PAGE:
Here is a picture of my homemade X axis carriage.  I had to cut the 1/2 inch pipe supports to fit them in the space available (There is approx 2.05 inches between the rails).  The two holes at the back are for mounting the Extruder. The holes at the front already existed but they are for the belt clamps.  The center hole was just a little over 1.25 inches in diameter but it was not big enough to lower the hot end down through.  I had to disassemble it and reassemble it through the hole.  I need to cut off 1/2 inch at the front as it is not needed.  I changed the design and moved the holes out 1/8 an inch.  Then I countersunk them and used flat head 6-32 screws.  Now the print head sits flush.

It is almost done!  Just the 25 pin connector at the bottom right and the heatbed to wire up and it will be done.  Here is what it looks like at this point.

Tuesday, September 23, 2014

Building my own 3D printer based upon Prusa and Mendel90 designs

I have been trying to build my own 3D printer.  I am trying to use "off the shelf" parts as much as possible. I did end up buying X axis ends on eBay.  I designed and made my own stepper motor mounts.

Here is a picture of the frame as I first assembled it.  The blue tape is so I can write on it for my hole markings.

Right now I am stuck on the lead screws for the Z axis.  The holes for the nuts are .55 inches across and they are supposed to be for 8mm nuts.  But 8mm nuts are .51 inches and 5/16 nuts are .5 inches. Both nuts rotate freely in the hole as the hole is for a nut that is .55 inches across.  The nuts that are found on hollow electrical threaded pipe commonly used in table lamps fit perfectly.  One of these is seen on the right side below.  However that would be hard to adapt that to the 5mm stepper motor shafts!

Some of the other problems I have faced so far include:

The stepper motors came with gears on them.  I used a gear puller to remove the gears.  When I connected the motors up to the lead screws I discovered that their shafts were bent so much that the top of the lead screws rotated in about a one inch circle.  I had to get new stepper motors.  When I installed the new stepper motors I discovered that the problem was actually the 5mm to 8mm shaft coupler!  It was drilled so crooked that it causes the lead screw to rotate.

As I said above the holes for the nuts in the X axis ends are .55 inches across and both 8mm and 5/16 nuts spin freely in them.  I might have to make my own "nuts" out of aluminum using a 5/16 tap.   Wow was I really off on that one.  It turns out that the nut holes on the top are .55 inches but the nut holes on the bottom are .51 inches!  So I was just looking at the wrong nut holes.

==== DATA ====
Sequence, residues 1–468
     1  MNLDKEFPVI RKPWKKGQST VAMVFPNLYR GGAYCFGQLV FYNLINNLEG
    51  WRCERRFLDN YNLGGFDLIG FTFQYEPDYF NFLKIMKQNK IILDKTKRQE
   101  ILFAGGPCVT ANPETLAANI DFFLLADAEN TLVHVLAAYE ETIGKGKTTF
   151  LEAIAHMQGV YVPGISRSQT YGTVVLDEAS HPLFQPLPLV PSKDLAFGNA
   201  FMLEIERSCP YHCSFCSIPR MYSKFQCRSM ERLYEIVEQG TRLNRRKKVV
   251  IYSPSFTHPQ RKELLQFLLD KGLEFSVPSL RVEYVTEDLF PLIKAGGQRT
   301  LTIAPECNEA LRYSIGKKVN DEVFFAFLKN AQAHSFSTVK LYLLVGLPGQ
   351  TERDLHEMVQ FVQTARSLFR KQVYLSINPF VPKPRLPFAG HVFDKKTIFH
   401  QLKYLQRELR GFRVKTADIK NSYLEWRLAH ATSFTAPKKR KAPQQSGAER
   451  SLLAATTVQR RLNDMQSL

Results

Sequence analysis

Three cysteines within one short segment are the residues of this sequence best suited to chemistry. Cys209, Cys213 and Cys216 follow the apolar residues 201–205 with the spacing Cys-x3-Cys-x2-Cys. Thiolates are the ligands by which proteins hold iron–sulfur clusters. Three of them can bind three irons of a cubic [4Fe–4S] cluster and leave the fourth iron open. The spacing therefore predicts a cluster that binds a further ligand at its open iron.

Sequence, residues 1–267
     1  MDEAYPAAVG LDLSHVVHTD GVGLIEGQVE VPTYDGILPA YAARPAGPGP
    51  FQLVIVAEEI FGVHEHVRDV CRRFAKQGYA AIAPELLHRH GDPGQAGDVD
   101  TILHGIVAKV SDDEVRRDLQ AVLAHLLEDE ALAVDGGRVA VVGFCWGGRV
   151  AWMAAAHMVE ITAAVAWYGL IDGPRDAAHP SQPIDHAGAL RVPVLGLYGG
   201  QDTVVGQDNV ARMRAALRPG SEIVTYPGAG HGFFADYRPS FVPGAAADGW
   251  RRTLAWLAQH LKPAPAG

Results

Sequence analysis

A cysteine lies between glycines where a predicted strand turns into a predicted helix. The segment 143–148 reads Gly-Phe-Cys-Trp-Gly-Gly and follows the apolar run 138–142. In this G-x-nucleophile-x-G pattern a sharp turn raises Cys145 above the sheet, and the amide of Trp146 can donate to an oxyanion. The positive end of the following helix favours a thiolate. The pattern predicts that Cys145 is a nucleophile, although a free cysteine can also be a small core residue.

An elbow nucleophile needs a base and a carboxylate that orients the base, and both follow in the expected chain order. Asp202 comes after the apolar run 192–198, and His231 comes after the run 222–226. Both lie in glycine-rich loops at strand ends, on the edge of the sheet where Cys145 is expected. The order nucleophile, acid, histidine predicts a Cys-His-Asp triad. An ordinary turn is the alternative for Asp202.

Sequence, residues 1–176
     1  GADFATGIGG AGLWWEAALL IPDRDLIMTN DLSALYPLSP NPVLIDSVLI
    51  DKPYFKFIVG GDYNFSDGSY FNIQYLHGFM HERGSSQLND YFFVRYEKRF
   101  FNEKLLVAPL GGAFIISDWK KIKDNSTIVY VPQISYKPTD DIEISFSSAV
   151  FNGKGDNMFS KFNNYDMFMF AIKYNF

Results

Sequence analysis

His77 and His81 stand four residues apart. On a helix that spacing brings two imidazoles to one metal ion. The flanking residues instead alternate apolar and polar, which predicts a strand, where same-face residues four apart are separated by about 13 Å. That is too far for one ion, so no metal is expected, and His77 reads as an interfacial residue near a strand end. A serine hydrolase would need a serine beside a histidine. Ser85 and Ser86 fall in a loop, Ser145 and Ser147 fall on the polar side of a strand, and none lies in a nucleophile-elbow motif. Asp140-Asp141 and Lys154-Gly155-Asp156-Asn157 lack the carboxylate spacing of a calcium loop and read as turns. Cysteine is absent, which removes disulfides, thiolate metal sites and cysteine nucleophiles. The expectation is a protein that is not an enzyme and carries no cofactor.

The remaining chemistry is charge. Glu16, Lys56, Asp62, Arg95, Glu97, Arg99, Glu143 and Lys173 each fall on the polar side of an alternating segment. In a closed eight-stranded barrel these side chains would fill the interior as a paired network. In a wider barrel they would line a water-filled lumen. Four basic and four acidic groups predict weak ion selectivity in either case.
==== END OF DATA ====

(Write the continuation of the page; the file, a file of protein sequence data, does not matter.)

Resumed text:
When I assembled the Y axis carriage and slid it towards the back it returns back to the front on its own!  That is because the rod spacing varies by 1/8 of an inch causing the bearings to bind.  I enlarged the holes on the back side and adjusted it so the platform moves smoothly now.

The 8mm bearings are terrible.  They do not move smoothly and they loose some of their balls every time I remove them from the rods.  I might have to replace them with better ones from another vendor?

Some of the 8mm rods are from printers and scanners.  The one on the right side is a tiny bit bigger than 8mm.  I used emery cloth to take it down a little bit so that the bearings move smoothly.

I used 10mm rods (from scanners) and bearing for the Y axis.  They work so much better than the 8 mm bearings.  However their outside diameter does not fit either 1/2 or 3/4 pipe holders.

The spacing of the z axis guide rods varies by 1/8 of an inch from the top to bottom.  That is a tricky measurement since there are rod holders at the top and a home made motor mount at the bottom.  I will have to move the rod holders in about 1/16 of an inch on each side to fix the problem.

While testing the Y axis I realized that the gantry is at the wrong position.  When I move the Y carriage back the print head will not reach the front edge.  I had to unbolt the gantry and move it forward one inch to resolve the problem.  It was six inches from the back edge but it is now 7 inches from the back edge.

The Y axis bearing holders hits the stepper motor that is mounted under it.  That is because I mounted the stepper motor all the way to the right.  It needs to be moved at least an inch to the left. It also needs to be moved so that the wires to the Y platform can be run in the center, the drive belt is there currently.

I cannot put nuts on the Y axis hot plate screws.  The bearing holders are too close to the front and back edge of the Y platform so there is not enough room to put the nuts on the hot plate screws.  I will have to move the Y axis bearing holders 1/4 inch further from the front and back edges.

I tried to mount the Arduino Mega, but like all Arduino's the mounting holes are an afterthought.  I wanted to have screws come through the plastic, then a nut, an insulator then through the Arduino then a last nut.  However the nuts cannot be on that side.  I am trying to rework it to use the standoff's that are used for ports on a PC.